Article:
2. There are the books I NEED to read, The books I WANT to read, and Those "Other" books.... In no way is book reviewing my job (we went over this), but I signed up to read and review those books in a timely manner - whether they're Netgalley or physical ARCs, and I feel sooo bad when I can't stick to those deadlines especially the self-imposed ones. So after I read those blog tour/review books, I want to settle down with a guilt-free book, something that I don't have to review or take notes on. (Believe it or not, those are actually the books I am most excited/willing to review).
There's no way on heaven or earth that I want to read those "other" books that I don't need to or don't want to read
*coughs* Glass Sentence *coughs*
3. There is usually a reason why those books are so long.... I mean, it might just be because the author needed that many pages to tell such a complex story. Yet, when I'm in one of those moods where I want instant satisfaction and thrilling, fast-paced reads, I'm not going to sit through 500 pages of world-building and character development. There are those times when I want nothing but long-winded, intricate descriptions, and to get lost in a good, thick book, where I can get invested in the characters. But that isn't the mood I'm now which is why I don't want to read The Glass Sentence. It took me way longer than it should have to read Heir of Fire by Sarah J. Maas and that was a book I had desperately wanted and anticipated.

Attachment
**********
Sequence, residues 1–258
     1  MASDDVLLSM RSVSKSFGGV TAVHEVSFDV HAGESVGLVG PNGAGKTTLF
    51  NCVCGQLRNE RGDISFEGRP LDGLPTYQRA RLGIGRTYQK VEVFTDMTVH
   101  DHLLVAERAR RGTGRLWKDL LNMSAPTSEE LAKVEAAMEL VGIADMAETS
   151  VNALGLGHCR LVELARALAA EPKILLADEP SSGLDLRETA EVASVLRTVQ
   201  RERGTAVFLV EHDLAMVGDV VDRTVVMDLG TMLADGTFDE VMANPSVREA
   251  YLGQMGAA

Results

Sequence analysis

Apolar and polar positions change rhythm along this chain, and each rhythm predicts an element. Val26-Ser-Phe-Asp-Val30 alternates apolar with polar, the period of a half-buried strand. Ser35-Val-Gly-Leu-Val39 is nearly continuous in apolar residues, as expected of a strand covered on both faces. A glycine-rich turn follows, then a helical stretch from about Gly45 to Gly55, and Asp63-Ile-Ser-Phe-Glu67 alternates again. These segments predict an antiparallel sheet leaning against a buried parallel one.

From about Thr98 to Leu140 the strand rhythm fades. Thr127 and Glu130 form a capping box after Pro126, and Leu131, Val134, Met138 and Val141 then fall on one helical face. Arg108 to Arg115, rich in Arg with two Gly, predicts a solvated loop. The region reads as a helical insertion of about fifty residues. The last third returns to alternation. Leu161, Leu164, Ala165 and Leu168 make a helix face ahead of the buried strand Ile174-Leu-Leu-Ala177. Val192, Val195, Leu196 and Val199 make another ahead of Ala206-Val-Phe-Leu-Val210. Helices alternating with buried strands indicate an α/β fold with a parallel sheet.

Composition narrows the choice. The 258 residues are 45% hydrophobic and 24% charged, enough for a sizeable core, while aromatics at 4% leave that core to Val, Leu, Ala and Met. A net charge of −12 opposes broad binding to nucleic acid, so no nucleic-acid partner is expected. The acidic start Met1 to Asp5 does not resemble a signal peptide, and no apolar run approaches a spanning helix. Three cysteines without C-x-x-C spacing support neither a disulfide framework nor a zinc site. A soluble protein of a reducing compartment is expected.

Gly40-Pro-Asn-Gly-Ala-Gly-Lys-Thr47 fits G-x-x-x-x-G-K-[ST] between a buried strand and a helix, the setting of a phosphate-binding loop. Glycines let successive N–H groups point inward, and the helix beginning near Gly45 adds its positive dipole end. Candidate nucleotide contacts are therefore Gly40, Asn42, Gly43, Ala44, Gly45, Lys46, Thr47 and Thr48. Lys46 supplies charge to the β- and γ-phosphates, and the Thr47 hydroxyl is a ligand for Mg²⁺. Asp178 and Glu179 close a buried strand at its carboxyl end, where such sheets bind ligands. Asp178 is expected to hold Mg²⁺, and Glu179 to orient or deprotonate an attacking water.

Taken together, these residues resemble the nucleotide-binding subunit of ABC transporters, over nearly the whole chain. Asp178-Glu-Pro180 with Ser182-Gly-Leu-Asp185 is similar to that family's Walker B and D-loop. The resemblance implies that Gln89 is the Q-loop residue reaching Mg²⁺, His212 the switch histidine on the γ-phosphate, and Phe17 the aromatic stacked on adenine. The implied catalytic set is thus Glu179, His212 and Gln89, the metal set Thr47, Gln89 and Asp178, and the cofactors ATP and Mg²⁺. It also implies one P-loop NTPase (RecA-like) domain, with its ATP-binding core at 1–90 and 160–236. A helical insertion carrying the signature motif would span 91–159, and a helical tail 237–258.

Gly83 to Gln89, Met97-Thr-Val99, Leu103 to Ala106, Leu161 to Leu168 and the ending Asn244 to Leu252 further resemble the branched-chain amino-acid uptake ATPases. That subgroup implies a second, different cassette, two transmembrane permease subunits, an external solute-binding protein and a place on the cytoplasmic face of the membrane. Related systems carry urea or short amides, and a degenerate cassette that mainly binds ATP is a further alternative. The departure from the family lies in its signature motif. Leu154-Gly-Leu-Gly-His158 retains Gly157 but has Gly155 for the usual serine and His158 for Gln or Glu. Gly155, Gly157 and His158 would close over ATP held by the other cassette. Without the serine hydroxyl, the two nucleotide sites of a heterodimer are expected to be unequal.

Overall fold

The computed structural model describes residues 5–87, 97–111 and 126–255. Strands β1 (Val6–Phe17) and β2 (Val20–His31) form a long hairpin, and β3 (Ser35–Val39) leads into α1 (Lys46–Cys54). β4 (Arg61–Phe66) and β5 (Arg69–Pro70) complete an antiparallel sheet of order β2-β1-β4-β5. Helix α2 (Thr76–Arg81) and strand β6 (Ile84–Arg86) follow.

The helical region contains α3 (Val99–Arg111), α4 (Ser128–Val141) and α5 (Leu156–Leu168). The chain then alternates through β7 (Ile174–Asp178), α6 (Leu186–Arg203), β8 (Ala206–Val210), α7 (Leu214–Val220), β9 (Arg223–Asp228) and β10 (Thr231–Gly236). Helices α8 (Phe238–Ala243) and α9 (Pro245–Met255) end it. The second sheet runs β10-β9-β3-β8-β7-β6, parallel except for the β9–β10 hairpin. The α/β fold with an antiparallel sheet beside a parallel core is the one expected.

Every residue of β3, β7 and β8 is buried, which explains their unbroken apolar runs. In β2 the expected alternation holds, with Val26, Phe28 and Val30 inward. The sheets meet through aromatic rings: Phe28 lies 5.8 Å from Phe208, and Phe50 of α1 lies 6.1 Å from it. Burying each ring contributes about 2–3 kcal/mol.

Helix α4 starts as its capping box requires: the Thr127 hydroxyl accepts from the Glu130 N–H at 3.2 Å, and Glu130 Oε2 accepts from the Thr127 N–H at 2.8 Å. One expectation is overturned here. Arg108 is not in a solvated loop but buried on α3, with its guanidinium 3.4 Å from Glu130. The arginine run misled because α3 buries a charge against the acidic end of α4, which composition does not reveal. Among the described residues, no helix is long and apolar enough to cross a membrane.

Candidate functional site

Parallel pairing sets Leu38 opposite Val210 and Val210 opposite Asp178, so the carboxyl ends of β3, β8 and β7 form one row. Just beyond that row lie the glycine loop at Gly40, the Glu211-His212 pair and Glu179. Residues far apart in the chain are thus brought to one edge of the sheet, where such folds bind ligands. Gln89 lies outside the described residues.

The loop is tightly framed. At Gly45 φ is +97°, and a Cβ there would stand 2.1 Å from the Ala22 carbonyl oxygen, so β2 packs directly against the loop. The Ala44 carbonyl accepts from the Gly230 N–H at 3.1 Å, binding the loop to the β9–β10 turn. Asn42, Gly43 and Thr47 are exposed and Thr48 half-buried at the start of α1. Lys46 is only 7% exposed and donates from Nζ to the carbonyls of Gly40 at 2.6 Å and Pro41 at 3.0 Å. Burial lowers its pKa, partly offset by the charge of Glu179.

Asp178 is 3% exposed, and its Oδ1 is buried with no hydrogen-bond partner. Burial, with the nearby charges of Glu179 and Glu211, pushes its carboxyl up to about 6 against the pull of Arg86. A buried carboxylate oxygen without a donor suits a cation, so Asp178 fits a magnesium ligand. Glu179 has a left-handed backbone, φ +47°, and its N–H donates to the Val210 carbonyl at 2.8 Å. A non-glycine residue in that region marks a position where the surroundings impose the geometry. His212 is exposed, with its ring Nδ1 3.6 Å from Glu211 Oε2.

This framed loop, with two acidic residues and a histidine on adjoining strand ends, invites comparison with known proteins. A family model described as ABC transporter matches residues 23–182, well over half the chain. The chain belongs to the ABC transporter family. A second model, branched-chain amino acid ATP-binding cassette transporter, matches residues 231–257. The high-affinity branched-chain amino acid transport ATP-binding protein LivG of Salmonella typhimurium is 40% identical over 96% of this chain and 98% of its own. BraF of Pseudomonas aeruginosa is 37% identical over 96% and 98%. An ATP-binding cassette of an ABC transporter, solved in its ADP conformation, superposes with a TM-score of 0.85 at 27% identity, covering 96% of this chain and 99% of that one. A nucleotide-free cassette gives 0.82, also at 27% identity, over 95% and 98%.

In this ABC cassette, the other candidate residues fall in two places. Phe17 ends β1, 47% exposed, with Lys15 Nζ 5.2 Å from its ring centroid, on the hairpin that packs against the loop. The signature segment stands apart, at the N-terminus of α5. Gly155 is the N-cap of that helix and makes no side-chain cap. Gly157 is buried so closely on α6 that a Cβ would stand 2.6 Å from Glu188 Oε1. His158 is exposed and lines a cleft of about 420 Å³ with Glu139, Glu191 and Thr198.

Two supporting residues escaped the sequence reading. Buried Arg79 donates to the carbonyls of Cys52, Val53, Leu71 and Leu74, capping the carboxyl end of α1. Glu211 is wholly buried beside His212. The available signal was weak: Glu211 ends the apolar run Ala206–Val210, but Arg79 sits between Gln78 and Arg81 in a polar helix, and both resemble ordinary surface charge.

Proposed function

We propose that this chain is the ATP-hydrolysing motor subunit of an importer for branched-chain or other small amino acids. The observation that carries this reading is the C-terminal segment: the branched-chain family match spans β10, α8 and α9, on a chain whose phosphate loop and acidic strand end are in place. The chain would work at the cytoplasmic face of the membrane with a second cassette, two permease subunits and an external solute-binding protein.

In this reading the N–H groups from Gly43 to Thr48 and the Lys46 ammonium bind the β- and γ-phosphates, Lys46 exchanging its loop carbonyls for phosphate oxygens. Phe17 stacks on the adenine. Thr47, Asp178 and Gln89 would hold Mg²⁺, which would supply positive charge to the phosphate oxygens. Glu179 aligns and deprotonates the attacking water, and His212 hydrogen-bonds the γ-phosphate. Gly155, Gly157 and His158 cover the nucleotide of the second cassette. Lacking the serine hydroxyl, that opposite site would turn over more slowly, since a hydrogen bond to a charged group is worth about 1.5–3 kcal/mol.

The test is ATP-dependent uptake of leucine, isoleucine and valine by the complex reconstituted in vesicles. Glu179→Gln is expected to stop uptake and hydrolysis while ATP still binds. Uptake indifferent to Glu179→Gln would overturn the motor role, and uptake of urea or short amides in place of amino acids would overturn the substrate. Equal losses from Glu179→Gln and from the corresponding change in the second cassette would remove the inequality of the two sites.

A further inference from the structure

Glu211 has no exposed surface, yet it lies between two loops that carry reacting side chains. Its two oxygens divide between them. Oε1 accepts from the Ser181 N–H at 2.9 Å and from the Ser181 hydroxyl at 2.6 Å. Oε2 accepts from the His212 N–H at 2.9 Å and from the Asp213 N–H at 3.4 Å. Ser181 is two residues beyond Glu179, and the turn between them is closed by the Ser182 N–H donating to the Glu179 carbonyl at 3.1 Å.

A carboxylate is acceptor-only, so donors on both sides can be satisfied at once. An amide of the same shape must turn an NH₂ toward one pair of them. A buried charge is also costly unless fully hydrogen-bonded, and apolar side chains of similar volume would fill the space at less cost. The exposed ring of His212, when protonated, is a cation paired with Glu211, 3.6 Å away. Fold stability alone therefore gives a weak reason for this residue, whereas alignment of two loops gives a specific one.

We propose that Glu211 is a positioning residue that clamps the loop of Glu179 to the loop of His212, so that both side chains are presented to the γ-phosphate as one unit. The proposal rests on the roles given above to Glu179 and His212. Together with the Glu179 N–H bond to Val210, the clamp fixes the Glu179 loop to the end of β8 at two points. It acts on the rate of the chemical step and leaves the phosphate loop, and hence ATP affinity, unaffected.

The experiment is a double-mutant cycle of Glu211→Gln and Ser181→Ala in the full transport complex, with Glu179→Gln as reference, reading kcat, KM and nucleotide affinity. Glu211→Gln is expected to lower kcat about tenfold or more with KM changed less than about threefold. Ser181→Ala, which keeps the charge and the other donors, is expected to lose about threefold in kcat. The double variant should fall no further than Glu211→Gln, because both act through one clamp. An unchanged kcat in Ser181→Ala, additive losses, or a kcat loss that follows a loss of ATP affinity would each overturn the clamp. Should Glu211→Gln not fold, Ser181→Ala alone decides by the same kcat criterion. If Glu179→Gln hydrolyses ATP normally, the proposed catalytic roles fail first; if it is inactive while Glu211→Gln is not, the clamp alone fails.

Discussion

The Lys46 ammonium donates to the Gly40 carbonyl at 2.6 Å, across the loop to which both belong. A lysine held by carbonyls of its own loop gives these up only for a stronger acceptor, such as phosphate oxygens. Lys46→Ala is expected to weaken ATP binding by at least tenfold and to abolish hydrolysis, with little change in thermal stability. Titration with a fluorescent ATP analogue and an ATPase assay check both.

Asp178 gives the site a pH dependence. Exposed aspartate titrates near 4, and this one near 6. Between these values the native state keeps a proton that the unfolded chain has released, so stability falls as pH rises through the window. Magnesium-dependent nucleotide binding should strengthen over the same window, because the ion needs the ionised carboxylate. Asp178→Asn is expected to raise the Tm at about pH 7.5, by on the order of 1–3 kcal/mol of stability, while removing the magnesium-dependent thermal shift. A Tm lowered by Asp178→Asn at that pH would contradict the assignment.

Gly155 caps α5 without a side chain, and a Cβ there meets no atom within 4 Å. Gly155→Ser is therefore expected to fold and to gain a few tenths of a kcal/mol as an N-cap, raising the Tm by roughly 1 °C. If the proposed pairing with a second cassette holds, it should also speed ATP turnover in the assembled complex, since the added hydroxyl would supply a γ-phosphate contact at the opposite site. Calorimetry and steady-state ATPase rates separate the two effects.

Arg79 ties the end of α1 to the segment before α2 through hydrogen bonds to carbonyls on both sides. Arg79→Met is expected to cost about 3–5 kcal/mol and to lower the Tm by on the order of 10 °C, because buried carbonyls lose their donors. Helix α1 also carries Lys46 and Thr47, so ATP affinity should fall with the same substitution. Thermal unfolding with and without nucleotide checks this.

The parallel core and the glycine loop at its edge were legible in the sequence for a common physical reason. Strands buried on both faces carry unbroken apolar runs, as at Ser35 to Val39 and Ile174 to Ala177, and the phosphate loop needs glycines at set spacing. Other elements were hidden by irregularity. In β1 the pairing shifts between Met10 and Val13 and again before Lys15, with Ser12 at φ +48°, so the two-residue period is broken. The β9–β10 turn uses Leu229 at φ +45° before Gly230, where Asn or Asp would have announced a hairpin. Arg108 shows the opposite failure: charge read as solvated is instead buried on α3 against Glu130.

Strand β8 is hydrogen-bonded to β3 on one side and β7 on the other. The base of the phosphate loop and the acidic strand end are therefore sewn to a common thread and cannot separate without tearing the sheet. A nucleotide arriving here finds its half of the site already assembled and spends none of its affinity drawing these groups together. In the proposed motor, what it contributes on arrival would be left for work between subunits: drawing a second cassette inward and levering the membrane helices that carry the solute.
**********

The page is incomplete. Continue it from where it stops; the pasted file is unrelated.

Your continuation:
Now this isn't to say that I don't want to read chunksters or think they're horrible. I am not about to go around shaming big book lovers (you're looking at one of the biggest "everyone can read YA" advocates and won't hypocritically say that reading chunksters is bad), but the fact of the matter is that I'm not in right place in my reading habits/taste at the moment to fully endure, I mean, respect everything that big books have to offer. It's kind of like when a little kid wants to do something the "big kids" do, but they're too little (and are fully aware of that fact), yet attempt to anyway. I don't want to always be like this - I know I will have ulcers by the time I'm 25 if I continue putting this much pressure on myself - but for now.... I will stick with my word. 

I don't like big books and I cannot lie.

So what's your verdict?
Do you love nothing more than curling up with a chunkster and plowing through that sucker faster than  a hunger games tribute?
Are you indifferent to chunksters and don't put pressure on your reading habits/dictate what you're going to read by your blog schedule?
Do you wish you read more chunksters, but have suffered through the same plights as I have?

Tuesday, September 23, 2014